It can take me a half hour to an hour to be ready to hit the notes and sustain them for group chanting, particularly if there are difficult acoustics (like I’m chanting in an open field with no tree cover or next to a soccer game). This is part of your work as a ritualist, as a leader, as a professional. Leading rituals is work, and singing in ritual takes dedication and practice just as it does for a professional musician.

Experimenting With Techniques

I also strongly suggest being willing to experiment. You might start out with the toning/droning kind of singing, since it’s a bit more accessible. But then you can switch it up.

There’s a trance technique I use, I call it the Trance Hammer where I have the whole group singing a note/tone, and then I sing something more complicated over that. (That article also now contains a video of the technique.) In that scenario, you only need one strong singer to handle the melody, the rest can handle the tone. This adds texture, and it’s also a trance technique called “confusion technique.” It works because your brain is trying to process two separate things–the toning, and the other song–and it sends you into a deeper subconscious state.

Once your group is comfortable with the idea of singing in ritual and willing to do that, you can try more complicated chants, or add in drumming. And sometimes it’ll work and sometimes you’ll fumble, but that’s the advantage of working with a smaller group; you get to try things out without screwing up a big public ritual.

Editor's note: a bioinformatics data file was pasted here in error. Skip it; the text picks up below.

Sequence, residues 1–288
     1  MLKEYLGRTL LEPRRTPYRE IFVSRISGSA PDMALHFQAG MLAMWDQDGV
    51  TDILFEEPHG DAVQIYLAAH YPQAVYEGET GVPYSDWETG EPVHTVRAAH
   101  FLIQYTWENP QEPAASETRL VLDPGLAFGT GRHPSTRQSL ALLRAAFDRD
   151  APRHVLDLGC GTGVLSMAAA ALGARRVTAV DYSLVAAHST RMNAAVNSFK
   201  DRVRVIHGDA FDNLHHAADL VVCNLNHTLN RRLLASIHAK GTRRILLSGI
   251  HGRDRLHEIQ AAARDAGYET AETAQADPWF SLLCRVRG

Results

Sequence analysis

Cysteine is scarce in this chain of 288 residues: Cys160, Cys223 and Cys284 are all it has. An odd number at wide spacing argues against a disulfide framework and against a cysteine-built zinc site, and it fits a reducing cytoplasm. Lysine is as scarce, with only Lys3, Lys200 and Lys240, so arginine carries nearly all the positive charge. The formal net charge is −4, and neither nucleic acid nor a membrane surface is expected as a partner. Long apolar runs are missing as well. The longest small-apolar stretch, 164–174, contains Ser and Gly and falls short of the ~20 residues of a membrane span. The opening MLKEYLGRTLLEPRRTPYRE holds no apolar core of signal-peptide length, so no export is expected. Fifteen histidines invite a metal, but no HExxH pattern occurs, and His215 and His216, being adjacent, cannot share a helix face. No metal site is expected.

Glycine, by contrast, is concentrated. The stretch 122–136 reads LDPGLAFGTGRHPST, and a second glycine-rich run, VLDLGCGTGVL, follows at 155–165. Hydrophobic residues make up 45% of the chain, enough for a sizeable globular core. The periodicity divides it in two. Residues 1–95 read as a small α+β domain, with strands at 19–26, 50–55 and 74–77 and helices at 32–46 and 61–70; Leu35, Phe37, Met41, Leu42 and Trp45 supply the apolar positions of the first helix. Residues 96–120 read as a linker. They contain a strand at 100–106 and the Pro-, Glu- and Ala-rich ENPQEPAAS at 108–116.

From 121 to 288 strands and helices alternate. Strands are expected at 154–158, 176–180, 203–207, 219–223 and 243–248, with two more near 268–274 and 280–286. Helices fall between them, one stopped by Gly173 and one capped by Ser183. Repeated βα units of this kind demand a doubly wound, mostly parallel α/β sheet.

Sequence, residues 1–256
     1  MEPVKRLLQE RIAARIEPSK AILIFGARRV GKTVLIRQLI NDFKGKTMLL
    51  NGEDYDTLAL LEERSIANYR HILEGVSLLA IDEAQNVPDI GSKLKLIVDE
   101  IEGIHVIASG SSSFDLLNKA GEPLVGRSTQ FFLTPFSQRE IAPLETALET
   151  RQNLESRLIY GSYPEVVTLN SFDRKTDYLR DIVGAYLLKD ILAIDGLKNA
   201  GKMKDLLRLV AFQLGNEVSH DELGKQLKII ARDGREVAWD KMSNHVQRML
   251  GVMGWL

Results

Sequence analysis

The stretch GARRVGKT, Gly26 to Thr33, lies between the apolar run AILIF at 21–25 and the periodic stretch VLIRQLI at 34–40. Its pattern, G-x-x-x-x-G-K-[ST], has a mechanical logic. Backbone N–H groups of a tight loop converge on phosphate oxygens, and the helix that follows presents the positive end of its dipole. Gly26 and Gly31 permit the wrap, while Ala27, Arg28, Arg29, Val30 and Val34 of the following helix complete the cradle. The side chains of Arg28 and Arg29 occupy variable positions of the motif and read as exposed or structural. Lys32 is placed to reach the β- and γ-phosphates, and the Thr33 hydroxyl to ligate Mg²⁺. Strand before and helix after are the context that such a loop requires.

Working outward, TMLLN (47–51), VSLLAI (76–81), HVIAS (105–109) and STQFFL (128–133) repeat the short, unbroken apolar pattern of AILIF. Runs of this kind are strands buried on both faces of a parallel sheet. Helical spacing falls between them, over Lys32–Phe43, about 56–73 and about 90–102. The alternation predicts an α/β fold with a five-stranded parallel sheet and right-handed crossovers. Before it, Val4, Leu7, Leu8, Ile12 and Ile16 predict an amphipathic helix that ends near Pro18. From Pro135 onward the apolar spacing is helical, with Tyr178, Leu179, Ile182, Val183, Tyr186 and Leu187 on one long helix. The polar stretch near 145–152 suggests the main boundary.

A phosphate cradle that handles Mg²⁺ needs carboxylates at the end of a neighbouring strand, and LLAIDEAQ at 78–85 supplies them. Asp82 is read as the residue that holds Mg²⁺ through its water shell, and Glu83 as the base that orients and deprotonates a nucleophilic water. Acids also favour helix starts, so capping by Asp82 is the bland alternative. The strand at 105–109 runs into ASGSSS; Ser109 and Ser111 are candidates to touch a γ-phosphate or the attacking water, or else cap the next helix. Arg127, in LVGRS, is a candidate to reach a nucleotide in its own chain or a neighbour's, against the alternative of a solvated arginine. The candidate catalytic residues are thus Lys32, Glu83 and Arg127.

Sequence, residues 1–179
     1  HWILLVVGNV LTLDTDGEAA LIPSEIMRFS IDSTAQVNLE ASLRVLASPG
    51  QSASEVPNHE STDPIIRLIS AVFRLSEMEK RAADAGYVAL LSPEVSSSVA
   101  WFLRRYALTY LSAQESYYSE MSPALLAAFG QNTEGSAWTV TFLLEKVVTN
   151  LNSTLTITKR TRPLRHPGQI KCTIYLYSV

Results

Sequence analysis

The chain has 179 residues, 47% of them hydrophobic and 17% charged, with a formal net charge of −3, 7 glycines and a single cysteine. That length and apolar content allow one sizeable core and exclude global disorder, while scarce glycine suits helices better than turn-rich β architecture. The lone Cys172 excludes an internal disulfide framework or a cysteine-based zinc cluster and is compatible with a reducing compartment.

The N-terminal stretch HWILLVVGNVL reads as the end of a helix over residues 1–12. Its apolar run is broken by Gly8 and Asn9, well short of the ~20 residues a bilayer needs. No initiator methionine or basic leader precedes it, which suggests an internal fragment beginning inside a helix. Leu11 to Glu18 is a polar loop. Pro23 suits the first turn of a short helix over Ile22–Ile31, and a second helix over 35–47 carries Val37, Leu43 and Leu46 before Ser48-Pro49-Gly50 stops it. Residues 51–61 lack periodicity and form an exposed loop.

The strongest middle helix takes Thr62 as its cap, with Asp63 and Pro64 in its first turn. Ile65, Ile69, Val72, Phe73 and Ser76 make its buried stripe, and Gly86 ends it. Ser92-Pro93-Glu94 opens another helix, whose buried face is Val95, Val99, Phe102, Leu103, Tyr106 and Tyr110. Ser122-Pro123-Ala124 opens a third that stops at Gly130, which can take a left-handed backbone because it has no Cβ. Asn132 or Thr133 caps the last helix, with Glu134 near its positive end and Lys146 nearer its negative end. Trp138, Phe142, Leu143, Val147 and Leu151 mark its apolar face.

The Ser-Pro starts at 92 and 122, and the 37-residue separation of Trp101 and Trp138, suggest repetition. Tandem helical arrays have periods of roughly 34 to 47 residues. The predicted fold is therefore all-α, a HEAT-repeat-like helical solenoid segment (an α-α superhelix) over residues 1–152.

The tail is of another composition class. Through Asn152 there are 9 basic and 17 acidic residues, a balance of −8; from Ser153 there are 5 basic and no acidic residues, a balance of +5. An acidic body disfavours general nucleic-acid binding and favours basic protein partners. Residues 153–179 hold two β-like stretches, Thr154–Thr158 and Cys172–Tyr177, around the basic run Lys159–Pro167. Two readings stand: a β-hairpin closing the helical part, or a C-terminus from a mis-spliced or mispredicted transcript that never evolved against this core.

Advanced Personal/Professional Practice

As part of my own personal practice that crosses over into professional-ritualist-practice, here’s something I do regularly. I practice singing songs/melodies that I’m going to use for sung trances like the cantillation/Trance Hammer technique I mention above. Here’s how I do it.

I’ll play a song that has a melody in harmony with what I’m singing, but with different words. (Here’s the song I use for this most frequently.) I practice singing over that and not getting distracted by the other words; in fact, I try to keep an ear open for the song that’s playing so that I can sing certain words at the same time, or certain notes at the same time. And, I do all that while I’m doing a third task that requires me to pay attention to basic logistics. It could be anything like folding paper or looking up directions on Google maps, just something kinesthetic that takes my attention. In my case, I might practice this technique while painting gold borderwork on one of my art pieces or gluing tissue paper to cardboard.

Sounds complicated? It is. But, it has to be.

I’m training my brain to know that song even in the midst of chaos, in the midst of a really complicated task, and in the midst of competing music. I’m training myself to be able to not just memorize that song, but  memorize it in a way that distractions at a festival, or logistical issues with a ritual, won’t make me lose what I’m supposed to be singing. I’ve memorized the melodies and words in a way that I can sing it even when dealing simultaneously with complicated ritual logistics, or people whispering a question into my ear about their cue for the next ritual part. I can even communicate with others by nodding or offering hand signs while I’m still singing and not lose my place.

And the side benefit is that when I practice this technique at home, I get myself into a trance state and it’s part of my own personal spiritual work.

 


Filed under: Facilitation, Ritual Tagged: aspecting, chanting, dancing, drawing down, ecstasis, ecstatic ritual, invocation, Pagan, Paganism, possession, ritual, shruti box, singing, singing bowl, theology, trance possession, trance work, trancing